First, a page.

It can't hurt to just see what he does. If it doesn't work out you can just pen him. Some people can get their peas to go into a pen at night. I read once about someone having a peacock that would wait for all the chickens to enter the coop before he entered it for the night. It was like he was watching over them making sure all of them got in safely.
 

LittleRedShed

In the Brooder
5 Years
Apr 13, 2014
48
0
29
So far our Oscar seems to be protective of our chickens and guineas. I'm really hoping he sticks close to them! I really don't want to keep him penned. I just worry about our neighbors. I may hurt have to warn them.
 

MinxFox

Crowing
9 Years
Sep 16, 2010
4,117
323
326
Pensacola, FL
Hopefully he will be like the chickens and stay in your yard. Since you don't have another peafowl it isn't like he has an example of what a peafowl would do free-range as far as wander and he won't have a partner in crime for wandering so hopefully it will all work out and he will be like the chickens and guineas.

Your neighbors need to know what a peacock sounds like so they don't get scared. I never thought they sounded like a screaming lady, but some people get scared because they think it sounds like someone screaming for help.
 

zazouse

Crowing
10 Years
Sep 7, 2009
11,009
690
406
Southeast texas
You have been given very good info, Neighbors and peas do not mix, i told my daughter long ago when the Peas came to her house run them off, she loves flowers and so do our Peafowl, but that is not a big deal to her, like i told her, you may like them now but when they get on that new truck or SUV you will not be happy, so on the rare occasion the younguns make it across the driveway she puts the wiener dogs on them and runs them off.

When my peas see something in the distance they go after it and one thing i learned is they can see things in the distance very very well, i watched mine stalking something 150 yards away , when i got closer i saw a coopers hawk fly off.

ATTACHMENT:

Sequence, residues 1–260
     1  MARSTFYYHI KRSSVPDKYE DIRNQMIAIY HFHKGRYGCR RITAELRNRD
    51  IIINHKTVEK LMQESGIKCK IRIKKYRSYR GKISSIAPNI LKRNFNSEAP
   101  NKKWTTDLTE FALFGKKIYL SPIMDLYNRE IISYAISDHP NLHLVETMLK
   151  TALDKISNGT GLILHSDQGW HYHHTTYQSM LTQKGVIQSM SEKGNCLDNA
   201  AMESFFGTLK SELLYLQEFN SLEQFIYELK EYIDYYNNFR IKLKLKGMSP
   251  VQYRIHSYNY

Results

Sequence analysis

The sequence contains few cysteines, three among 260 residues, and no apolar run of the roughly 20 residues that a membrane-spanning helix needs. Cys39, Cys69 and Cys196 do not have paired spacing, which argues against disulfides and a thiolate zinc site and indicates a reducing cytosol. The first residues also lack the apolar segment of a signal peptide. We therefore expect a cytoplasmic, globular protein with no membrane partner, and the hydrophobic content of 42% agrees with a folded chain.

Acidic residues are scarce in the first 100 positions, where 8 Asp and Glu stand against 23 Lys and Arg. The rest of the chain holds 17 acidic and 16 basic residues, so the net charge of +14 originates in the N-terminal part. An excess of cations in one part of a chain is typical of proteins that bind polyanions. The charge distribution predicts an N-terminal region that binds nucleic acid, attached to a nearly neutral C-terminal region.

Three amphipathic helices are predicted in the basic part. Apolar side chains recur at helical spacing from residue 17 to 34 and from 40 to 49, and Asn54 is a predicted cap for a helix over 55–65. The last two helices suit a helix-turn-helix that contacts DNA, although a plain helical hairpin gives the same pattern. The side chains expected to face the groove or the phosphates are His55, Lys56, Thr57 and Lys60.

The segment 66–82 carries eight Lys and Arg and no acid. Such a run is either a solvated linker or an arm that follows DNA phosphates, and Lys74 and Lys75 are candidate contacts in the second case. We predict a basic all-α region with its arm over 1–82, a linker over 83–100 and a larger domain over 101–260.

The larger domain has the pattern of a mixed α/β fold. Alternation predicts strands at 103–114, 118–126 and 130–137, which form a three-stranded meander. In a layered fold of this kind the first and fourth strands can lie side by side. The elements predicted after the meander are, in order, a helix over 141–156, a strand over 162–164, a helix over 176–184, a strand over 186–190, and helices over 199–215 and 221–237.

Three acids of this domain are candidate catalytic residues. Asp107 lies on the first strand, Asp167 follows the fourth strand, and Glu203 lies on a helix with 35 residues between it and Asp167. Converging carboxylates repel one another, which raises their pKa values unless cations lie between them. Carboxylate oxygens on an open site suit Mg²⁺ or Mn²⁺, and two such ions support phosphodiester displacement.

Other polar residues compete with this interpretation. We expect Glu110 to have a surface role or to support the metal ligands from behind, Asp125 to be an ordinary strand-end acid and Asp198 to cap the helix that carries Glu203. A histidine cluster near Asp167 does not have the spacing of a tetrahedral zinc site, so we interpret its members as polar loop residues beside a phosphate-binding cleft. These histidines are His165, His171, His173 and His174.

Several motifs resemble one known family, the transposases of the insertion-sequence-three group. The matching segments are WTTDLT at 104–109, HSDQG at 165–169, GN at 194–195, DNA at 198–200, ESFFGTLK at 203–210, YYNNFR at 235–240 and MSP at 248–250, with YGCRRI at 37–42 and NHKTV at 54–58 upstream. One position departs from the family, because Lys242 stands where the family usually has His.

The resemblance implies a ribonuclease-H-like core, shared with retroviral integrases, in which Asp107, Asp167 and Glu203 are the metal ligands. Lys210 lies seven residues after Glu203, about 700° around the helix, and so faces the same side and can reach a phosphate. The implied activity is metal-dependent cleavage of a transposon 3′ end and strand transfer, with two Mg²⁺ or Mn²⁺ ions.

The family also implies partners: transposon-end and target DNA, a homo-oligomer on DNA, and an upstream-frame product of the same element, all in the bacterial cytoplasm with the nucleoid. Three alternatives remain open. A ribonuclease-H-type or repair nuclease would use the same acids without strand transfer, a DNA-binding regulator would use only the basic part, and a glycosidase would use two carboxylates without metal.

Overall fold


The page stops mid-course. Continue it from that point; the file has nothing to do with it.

Peas are very territorial, they try to run off critters and wild birds bigger than themselves many times.








This is what you will have to worry about most.
Peas on automobiles they like to get up on things.

We were having some construction, i warned the workers not to leave their autos in certain areas but they just parked where they wanted and this is what happened with 10 minutes, they did not care they parked their 3 more days.






Also you stated you have no predators.. Think again, we all have them around, may not see them but they are there.








 

LittleRedShed

In the Brooder
5 Years
Apr 13, 2014
48
0
29
Thank you! Great info! If we don't let them free range, what's the best size pen for his run?
 

MinxFox

Crowing
9 Years
Sep 16, 2010
4,117
323
326
Pensacola, FL
He needs enough room to display so it can't be too narrow. The pen should be at least six feet tall and at least 10ft wide. Many people go by 100 square feet per bird. When deciding on how big to make the pen, make sure you take into account if you will be adding more peafowl into the pen in the future. Peafowl can be very addicting as many members here will tell you, so you might want to plan for more additions. I mentioned the pen should be at least 6ft tall, but because peafowl love to roost up very high the higher you can build it, the better. It is nice to have high up roosts so that the peacock's train doesn't touch the ground and get dirty while he roosts.

You might be able to let him out eventually from the pen every now and then under supervision. I let my birds out sometimes to let them explore a bit in the yard and then I herd them back into the pen. When you herd them it works to do it slowly and watch all of their behavior. If he starts to crouch down he might be getting ready to take off flying so you need to back up. Normally I have just had issues with peahens wanting to fly off when I try and herd them. The peacocks are generally more calm, but that is just with my flock.